Technology Transfers That Improve People's Quality of Life
Innovations created at Universidad Católica have been transferred to companies, public agencies, and foundations, impacting thousands of people's quality of life in areas as diverse as social housing, seismic technologies, thyroid cancer detection, and educational systems for early childhood.
On October 6, Chile celebrated the National Day of Science and Technology in an unprecedented scenario, marked by the Covid-19 pandemic. In this context, the transfer of research findings born in the University becomes a priority issue, thanks to the fact that society has become aware that the solutions to face this crisis and its effects will come from scientific and technological development.
According to Vice President for Research, Pedro Bouchon: "Our challenge as a university is to promote an ecosystem that allows the transfer of knowledge generated from the laboratories, field, and classrooms, in connection with society, to different types of organizations, both public and private, positively impacting the quality of life of people, addressing increasingly complex phenomena, from education, engineering, agronomy, to even those imposed on us by a pandemic."
"During these months, the role of researchers who have put their academic work at the service of society's needs has been more visible than ever. They have been creating innovations that help us understand and better face the multiple fronts of the pandemic.," explained Alvaro Ossa, Director of the Office of Transfer & Development.
High Impact Transfers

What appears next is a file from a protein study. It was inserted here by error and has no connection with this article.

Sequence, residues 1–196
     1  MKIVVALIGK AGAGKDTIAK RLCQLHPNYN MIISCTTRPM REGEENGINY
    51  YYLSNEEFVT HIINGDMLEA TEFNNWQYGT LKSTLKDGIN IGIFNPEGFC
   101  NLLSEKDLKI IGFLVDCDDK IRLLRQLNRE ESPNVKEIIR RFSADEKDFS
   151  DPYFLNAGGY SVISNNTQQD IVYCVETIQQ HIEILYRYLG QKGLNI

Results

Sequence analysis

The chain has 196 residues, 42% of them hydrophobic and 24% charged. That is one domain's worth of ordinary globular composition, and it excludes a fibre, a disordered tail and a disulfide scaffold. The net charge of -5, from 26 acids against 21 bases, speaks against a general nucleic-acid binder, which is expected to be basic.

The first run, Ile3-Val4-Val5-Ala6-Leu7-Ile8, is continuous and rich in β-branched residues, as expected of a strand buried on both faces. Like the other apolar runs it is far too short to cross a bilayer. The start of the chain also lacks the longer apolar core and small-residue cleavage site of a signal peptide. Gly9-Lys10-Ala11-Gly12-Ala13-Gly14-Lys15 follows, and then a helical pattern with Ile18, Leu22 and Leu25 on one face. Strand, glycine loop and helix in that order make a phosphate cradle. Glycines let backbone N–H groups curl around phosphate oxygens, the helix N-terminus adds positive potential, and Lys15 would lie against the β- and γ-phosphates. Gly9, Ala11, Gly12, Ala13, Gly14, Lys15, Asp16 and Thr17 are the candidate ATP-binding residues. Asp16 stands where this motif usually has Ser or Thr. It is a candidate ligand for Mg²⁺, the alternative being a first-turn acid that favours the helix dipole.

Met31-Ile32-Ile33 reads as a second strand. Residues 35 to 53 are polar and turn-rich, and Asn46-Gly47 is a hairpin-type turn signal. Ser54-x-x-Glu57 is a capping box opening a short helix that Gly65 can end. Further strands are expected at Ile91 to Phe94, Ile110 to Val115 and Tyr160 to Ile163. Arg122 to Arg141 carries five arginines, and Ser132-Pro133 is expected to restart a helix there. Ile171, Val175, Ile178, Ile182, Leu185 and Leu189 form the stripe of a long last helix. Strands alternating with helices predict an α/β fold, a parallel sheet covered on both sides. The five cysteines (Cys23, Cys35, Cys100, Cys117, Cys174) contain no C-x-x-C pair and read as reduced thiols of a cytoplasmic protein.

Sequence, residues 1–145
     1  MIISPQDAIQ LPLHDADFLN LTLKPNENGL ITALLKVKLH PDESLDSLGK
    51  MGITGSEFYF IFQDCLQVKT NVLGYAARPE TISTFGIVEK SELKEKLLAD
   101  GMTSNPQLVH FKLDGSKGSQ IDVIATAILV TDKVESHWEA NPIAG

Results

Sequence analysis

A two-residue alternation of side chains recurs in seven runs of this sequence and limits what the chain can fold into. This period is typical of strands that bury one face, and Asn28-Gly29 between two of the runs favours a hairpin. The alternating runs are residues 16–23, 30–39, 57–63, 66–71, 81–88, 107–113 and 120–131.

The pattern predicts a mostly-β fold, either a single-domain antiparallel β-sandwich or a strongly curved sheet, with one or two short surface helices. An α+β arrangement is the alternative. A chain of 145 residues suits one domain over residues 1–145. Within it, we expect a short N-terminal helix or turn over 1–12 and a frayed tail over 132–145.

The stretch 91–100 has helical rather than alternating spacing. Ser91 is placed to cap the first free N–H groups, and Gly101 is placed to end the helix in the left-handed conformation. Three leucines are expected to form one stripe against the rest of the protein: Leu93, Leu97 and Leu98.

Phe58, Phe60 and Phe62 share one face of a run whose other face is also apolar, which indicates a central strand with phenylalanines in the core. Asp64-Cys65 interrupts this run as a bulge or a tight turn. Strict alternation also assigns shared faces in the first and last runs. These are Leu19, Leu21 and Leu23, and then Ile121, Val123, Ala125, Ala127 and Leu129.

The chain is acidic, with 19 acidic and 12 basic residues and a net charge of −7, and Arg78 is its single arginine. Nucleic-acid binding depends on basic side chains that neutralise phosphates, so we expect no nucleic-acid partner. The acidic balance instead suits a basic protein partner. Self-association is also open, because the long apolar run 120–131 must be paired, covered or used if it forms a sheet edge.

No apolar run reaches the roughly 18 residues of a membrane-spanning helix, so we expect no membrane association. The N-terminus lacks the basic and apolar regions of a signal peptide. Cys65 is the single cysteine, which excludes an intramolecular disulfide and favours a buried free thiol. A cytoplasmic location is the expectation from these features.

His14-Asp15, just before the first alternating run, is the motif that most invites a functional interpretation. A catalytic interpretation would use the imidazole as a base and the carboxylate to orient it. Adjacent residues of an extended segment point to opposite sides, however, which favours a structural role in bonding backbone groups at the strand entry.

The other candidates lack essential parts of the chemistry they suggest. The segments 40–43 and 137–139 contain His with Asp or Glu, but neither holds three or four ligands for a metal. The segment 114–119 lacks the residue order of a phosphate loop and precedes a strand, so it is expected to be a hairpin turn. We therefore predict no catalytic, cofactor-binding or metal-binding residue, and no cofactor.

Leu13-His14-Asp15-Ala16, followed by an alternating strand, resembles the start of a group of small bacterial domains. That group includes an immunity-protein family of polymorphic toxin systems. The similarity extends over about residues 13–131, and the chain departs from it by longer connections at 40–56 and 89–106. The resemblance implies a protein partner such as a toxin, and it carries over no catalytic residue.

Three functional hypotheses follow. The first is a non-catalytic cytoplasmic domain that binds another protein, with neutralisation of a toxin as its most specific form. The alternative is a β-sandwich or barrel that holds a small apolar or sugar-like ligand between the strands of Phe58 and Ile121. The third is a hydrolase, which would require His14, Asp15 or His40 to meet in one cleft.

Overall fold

Since the end of the last decade, Universidad Católica began to promote the protection and transfer of its research results widely. In 2007, the first formal license was signed for the transfer of the "Modular Prefabricated Construction System to be used in the construction of different types of buildings."
Developed by a research team of the Faculty of Architecture, Design, and Urban Studies led by faculty member Alejandro Aravena through the spin-off company of UC, Elemental, which allowed this innovation to be mass-produced and benefit thousands of people through new and better social housing.
To date, Elemental has led emblematic social housing projects throughout Chile, designing more than 2,000 houses delivered by the State.
In 2012, there was another milestone for UC: the transfer of the technology "Devices and dissipators aimed at reducing vibrations," created by a team led by the current dean of the Faculty of Engineering, Juan Carlos de la Llera, and licensed to the spin-off company Sirve Inc., which offers innovative solutions to the challenges of structural and seismic engineering.
Thanks to this transfer agreement, the anti-seismic devices that emerged from research results are now installed in significant buildings both in Chile and abroad. Some examples: Titanium La Portada skyscraper, the new Hospital Militar, and the UC Anacleto Angelini Innovation Center in Santiago.
"These structures are now seven to eight times safer than any other in Chile," said Juan Carlos de la Llera, leader of the research team that continues to develop earthquake protection solutions.
In 2015, the "Thyroid Cancer Diagnostic Kit" developed by a team from the School of Medicine, in partnership with the BMRC Consortium (Spanish acronym for Biomedical Research Consortium), was transferred.
Dr. Hernán González created a highly accurate test that detects thyroid cancer. When a thyroid nodule has specific characteristics, doctors request a biopsy. However, the problem is that 20% of biopsies produce an uncertain or indeterminate result. In those cases, the medical recommendation is to perform preventive surgery to remove the thyroid; however, only 25% of these cases are malignant.